Electronic design automation software supplier Cadence Design Systems Inc is looking for products for the consumer market rather than ivory tower research out of its European research collaboration with SGS-Thomson Microelectronics NV, automotive systems firm Magneti Marelli SpA and the Italian National Research Council. Cadence president and chief executive Joe Costello says there will be […]
Electronic design automation software supplier Cadence Design Systems Inc is looking for products for the consumer market rather than ivory tower research out of its European research collaboration with SGS-Thomson Microelectronics NV, automotive systems firm Magneti Marelli SpA and the Italian National Research Council. Cadence president and chief executive Joe Costello says there will be a revolution in electronics systems in the next few years, driven by silicon and software. Only the consumer market, he reckons, will be big enough to justify the innovations coming in this area. The European collaboration will focus on advanced research into architecture and design of electronic systems critical to the European electronics industry. Particular emphasis will be given to embedded system design, advanced radio frequency design and inductive learning techniques. Initially, its priorities will be automotive electronics, reflecting the interests of Magneti Marelli and SGS-Thomson. Ear ly development projects are likely to involve design of electronic systems for engine control to maximize fuel efficiency and minimize emissions. The group’s view of the future car is an electronic center, connected to a global network such as the Internet through wireless interconnections. It will be controlled by microprocessors, and linked to the Internet for applications such as continuous traffic updates and optimum route planning.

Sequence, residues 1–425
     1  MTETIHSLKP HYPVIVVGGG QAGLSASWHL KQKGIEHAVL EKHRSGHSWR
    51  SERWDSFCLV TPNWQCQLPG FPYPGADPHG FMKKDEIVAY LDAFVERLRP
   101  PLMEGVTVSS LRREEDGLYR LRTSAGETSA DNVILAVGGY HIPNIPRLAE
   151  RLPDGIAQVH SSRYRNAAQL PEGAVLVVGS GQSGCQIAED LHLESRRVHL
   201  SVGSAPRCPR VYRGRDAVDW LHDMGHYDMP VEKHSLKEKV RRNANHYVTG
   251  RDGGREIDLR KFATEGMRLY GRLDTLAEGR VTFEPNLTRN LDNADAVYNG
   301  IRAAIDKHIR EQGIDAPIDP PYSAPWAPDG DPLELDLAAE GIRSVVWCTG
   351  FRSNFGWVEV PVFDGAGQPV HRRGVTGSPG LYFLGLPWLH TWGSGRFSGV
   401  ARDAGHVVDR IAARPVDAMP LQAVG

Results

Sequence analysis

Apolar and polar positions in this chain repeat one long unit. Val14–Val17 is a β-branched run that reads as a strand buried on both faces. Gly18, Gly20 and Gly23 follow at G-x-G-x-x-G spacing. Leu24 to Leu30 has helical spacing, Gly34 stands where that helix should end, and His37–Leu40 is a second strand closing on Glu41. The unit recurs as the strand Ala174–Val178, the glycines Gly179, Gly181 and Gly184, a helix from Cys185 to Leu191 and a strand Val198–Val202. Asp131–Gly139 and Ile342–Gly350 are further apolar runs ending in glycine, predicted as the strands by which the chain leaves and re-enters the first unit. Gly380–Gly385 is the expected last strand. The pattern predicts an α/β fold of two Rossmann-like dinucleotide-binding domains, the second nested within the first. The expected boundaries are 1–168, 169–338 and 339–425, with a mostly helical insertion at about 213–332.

Additional research centers
The collaboration will be based at Cadence’s new European research laboratory in Rome. The laboratory is an extension of the company’s existing operations in Berkeley, California. It will be run by Cadence board member and University of California at Berkeley professor Alberto Sangiovanni-Vincentelli. In addition to Rome, additional research centers will be located initially at the Politecnico of Turin, Italy, and at INESC in Lisbon, Portugal. Sangiovanni-Vincentelli said he is keen to promote closer links between academia and business in Europe. In the US, he says, 50% of Phds stay in universities, but the other 50% go into the commercial research world. The European research laboratory will aim to entice academics into the business world, and to forge links with academic institutions around the world. It will also fund Phd studies and take undergraduates in to work on specific projects, Sangiovanni said. He says the European collaboration will not necessarily be limited to the existing partners. Cadence will possibly look for partners in other sectors, particularly telecommunications, he said. This is a research collaboration, not a commercial venture, and the research will be published and available in the public domain, Sangiovanni-Vincentelli said.